Chris Heath became CEO of Stock Spirits in 2009

Chris Heath became CEO of Stock Spirits in 2009

Late last month, just-drinks editor Olly Wehring met up with Chris Heath, the head of Stock Spirits. The two reflected on what has been a lively time for the UK company that operates predominantly in Central and Eastern Europe.

Chris Heath has been busy. The CEO of Stock Spirits has overseen the spinning off of the unit by its owner, Oaktree Capital, with an IPO launched late last year. Then, Stock stepped out of Oaktree's shadow completely last month, when the private equity group sold out entirely. Meanwhile, he's secured distribution tie-ups in Czech with Diageo and in Poland with Beam Inc (now Beam Suntory Inc).

He must be exhausted. 

"I'm doing very well, thanks," he says, albeit with a slight sigh in his voice, when we meet in London. "Quite a lot has changed since we last met (in late-2010)."

We jump straight in: "The IPO couldn't have gone any better," Heath notes. "We had great support from the banks and a lot of interest from investors."

As Heath admitted to me almost four years ago, Oaktree's exit from Stock has always been on the cards. Indeed, it looked for a moment, back in 2011, that the group had found a potential buyer in Diageo.

"In 2011," Heath explains, "we had a twin-track process of a trade sale and an IPO. With the former, we saw a great deal of interest but Oaktree couldn't agree with the potential buyer on price. We have continued to grow the business: We've just had our sixth consecutive year of record EBITDA, so, looking back, they were probably right (not to sell). In 2011, the IPO market was basically closing down. When we did float last year, we were at the other end when it was just about to open up again."

As is so often the case, the transaction has been seen as a win-win. "The IPO gave Oaktree the opportunity to get some money off the table – that's how their business model works," says Heath. "Some of our investors said there wasn't enough liquidity in the stock, so Oaktree ended up selling the lot. It works for us: We're completely in control of our destiny."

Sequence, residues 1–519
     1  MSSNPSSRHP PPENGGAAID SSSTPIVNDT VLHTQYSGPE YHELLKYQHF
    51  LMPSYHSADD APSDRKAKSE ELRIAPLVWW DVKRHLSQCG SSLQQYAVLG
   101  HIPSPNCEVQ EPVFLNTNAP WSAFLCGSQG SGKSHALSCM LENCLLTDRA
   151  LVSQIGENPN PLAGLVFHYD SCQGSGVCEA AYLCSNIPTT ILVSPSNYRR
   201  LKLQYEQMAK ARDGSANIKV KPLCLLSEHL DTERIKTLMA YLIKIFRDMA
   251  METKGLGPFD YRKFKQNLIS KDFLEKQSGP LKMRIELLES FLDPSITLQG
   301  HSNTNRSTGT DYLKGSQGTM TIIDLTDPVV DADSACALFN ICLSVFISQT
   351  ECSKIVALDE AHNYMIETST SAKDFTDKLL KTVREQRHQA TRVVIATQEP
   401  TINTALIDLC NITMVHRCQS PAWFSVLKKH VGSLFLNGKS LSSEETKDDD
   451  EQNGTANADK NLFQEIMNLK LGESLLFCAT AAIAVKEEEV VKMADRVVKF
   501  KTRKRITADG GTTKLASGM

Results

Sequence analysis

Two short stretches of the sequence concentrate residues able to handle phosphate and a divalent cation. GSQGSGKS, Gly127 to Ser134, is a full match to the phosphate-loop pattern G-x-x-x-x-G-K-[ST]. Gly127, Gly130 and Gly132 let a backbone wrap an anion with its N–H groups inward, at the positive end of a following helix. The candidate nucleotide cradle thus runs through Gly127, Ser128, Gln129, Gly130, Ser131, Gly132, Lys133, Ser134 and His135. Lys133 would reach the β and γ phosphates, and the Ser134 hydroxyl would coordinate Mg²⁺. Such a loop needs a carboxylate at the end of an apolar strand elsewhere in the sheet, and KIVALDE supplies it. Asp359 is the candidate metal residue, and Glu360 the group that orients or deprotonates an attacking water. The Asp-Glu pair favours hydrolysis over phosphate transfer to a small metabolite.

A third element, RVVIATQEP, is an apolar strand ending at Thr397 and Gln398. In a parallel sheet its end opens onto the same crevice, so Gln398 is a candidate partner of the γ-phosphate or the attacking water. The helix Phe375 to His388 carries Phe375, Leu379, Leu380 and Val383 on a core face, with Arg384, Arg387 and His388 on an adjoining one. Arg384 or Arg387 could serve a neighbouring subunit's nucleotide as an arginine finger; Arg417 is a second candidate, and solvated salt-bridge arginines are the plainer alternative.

And yet, a sale wasn't considered this time around. "Having seen the sales process not complete successfully (in 2011), we decided this time that we didn't want to confuse things," he says.

The process undertaken was "quite intensive", says Heath. "You have to put a lot of hours in to make sure everything is as it should be. That's been very demanding." His advice for those considering taking a similar route is: "Choose your advisers very carefully: Make sure you're happy with them. The process that we went through in 2011 was much more painful than last year's. You need a big team of people who know what they're doing to go through an IPO. Without the support of good advisers, the process would have been a lot worse.

"You've also got to understand what it is that investors might be interested in investing in," he continues. "Try to differentiate yourself from the rest of the investment opportunities out there. You also need to articulate all that to someone who isn't familiar with your industry in a short period of time – you don't get very long with them."

Now that Stock is standing on its own two feet, one would understand if Heath has a case of the butterflies. "I wouldn't say I'm nervous," he counters. "I would say I'm excited, more than anything. In terms of the opportunities for us, people who we were speaking to about potential acquisitions a few years ago are back on the 'phone to us. We've initiated a number of discussions since then. So, we can get back to focussing on our strategy now."

It would appear, then, that Stock is looking to make a purchase or two in the coming months. "Our growth strategy is quite different to everybody else's," continues Heath.

"We want to buy brands locally that consumers already have a very positive association with. At the moment, a lot of domestic producers are not utilising the brand heritage as much as they should. That's an opportunity for us to get hold of the brands, take the current portfolio, improve the quality of the liquid, improve the quality of the packaging and then stretch it into other flavours, which is a particular expertise of ours."

Operating predominantly in Czech and Poland, Stock is dealing with consumers that have a long and deep relationship with domestic spirits. "Our store is a little bit different," says Heath. "We're in a part of the World that is largely dominated by domestic players than the larger international spirits companies. There's no-one else really playing in that sweet-spot. We're in the middle, taking domestic brands, improving them and then stretching the equity."

One example of this, according to Heath, is the recent launch in Poland of a dark cherry-flavoured extension of the Zoladkowa Gorzka vodka brand. "Cherry is a very traditional flavour in Poland," he explains, "while Zoladkowa Gorzka is as well-known in Poland as Guinness is in the UK. So, we've combined a traditional brand with a traditional flavour. We expect both old and new consumers will try it. A key part of the story for us is not to throw something brand new at consumers that they don't recognise. This gets linked back to the heritage of the brand."

Part two of this interview, in which Heath discusses Stock's current performance, its international operations and whether his work is now done, can be found here.